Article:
Sri Lanka, which secured a $2.5 billion loan from the International Monetary Fund last year, has pledged to overhaul its tax system based on the recommendations of the panel set up by Rajapaksa. Banks and tourism companies may benefit from tax cuts, said Bimanee Meepagala, a Colombo-based analyst at NDB Aviva Wealth Management Ltd., the nation’s biggest non-state fund.
A reduction in the 20 percent value-added tax on financial services would release more funds for lenders, including Commercial Bank of Ceylon Plc, said Samantha Amerasinghe, a Colombo-based economist at Standard Chartered Plc.
The country has earned 15 billion rupees ($134 million) this year after cutting the import tax on cars in June as shipments increased to 11,815 vehicles, compared with 1,282 a year earlier, the government said on its website.
“The move towards a lower corporate tax regime is essential if Sri Lanka is to become a regionally competitive business hub,” Amerasinghe said. The tax rate on Sri Lankan companies is about 35 percent, compared with 25 percent in Malaysia.
The tax commission has also recommended “widening the tax base,” said Kelegama. Sri Lanka, where only about 3 percent of the 20 million population pay taxes, may bring more people under the tax net and remove some concessions offered through the Board of Investment, central bank Governor Ajith Nivard Cabraal said on Nov. 11.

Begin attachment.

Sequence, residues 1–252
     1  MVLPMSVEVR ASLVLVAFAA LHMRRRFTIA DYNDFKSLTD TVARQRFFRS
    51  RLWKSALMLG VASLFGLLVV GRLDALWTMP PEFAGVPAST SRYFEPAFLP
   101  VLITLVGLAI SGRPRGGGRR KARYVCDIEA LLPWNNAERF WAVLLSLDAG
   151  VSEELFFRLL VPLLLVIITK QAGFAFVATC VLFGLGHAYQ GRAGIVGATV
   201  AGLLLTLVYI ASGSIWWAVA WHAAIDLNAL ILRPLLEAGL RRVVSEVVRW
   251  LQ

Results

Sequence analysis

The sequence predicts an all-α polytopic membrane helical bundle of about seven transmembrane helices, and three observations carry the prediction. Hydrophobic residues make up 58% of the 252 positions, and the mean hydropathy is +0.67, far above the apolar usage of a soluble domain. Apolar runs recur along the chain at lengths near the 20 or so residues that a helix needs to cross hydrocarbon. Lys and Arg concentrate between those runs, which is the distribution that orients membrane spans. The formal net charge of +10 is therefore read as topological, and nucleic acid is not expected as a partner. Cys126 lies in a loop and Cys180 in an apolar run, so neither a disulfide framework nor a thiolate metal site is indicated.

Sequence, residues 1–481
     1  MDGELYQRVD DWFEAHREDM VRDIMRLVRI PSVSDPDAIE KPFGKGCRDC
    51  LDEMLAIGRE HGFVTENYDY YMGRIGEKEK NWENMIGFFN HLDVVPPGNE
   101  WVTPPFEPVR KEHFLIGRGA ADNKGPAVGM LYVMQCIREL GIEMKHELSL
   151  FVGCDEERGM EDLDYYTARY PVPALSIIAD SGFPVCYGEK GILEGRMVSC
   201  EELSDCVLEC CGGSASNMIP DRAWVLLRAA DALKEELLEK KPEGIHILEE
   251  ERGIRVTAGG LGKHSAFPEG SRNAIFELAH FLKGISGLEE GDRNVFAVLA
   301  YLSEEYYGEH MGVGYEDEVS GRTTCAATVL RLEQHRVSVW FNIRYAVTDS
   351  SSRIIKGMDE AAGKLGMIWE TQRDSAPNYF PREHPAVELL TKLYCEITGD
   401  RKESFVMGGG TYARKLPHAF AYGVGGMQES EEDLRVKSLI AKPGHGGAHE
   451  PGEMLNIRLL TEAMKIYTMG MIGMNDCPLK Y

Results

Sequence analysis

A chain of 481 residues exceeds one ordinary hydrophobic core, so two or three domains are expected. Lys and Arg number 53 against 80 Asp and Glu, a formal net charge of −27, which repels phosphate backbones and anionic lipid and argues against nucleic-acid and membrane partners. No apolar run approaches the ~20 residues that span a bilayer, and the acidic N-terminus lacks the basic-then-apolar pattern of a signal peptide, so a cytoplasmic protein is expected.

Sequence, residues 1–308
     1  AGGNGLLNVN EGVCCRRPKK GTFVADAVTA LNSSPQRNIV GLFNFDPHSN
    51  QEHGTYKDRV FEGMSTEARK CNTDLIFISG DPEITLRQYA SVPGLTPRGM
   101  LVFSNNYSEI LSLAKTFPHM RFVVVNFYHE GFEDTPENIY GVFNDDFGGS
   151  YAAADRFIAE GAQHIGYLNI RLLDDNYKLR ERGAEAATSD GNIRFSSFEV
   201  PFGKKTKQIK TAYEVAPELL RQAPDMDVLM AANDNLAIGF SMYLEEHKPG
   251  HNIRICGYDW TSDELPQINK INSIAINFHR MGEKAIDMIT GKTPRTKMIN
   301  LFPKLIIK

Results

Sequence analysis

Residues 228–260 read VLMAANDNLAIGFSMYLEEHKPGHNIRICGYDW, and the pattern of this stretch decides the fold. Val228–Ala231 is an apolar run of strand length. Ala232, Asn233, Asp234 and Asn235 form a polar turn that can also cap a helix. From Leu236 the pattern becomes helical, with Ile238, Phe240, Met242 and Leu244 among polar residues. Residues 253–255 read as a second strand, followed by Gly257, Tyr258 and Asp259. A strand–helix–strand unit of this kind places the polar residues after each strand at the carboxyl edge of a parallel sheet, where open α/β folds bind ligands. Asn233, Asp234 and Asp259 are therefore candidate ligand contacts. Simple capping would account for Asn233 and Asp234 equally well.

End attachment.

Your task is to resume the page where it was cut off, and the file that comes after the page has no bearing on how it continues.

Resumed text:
“A more equitable tax system will ensure more people will pay because it is not too much of a burden,” Cabraal said. “People also like to see a more level playing field for investment. Concessions for some have discouraged people in general.”
Economic expansion may increase tax revenue to 15.5 percent of GDP in 2011 from 14.9 percent currently, giving Rajapaksa room to keep spending on public works, said Amerasinghe. The South Asian island’s economy, which has been performing better than policy makers had expected, may expand as much as 8 percent in 2010 and 2011 as agriculture and tourism grow, Cabraal said Nov. 11.
Sri Lanka is also expected to announce easier foreign- exchange rules, including enabling overseas investors to buy corporate debt on the island, Cabraal said.
The president may also offer minority stakes in recently “renationalized” companies by listing them on the Colombo Stock Exchange, said Capital Trust’s Rajapakse.
Sri Lanka this month purchased a 51 percent stake it didn’t already own in the local unit of Royal Dutch Shell Plc for $63 million. The government in July bought out Emirates Airline’s 44 percent stake in SriLankan Airlines for $53 million to gain full control of the company.
“The government’s policy is to draw more foreign direct investment to sustain 8 percent economic growth. This policy will be enunciated in the budget,” Deputy Finance Minister Sarath Amunugama said on Nov. 17.
The budget “will also be revenue generating and help boost growth,” he said.
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source - www.bloomberg.com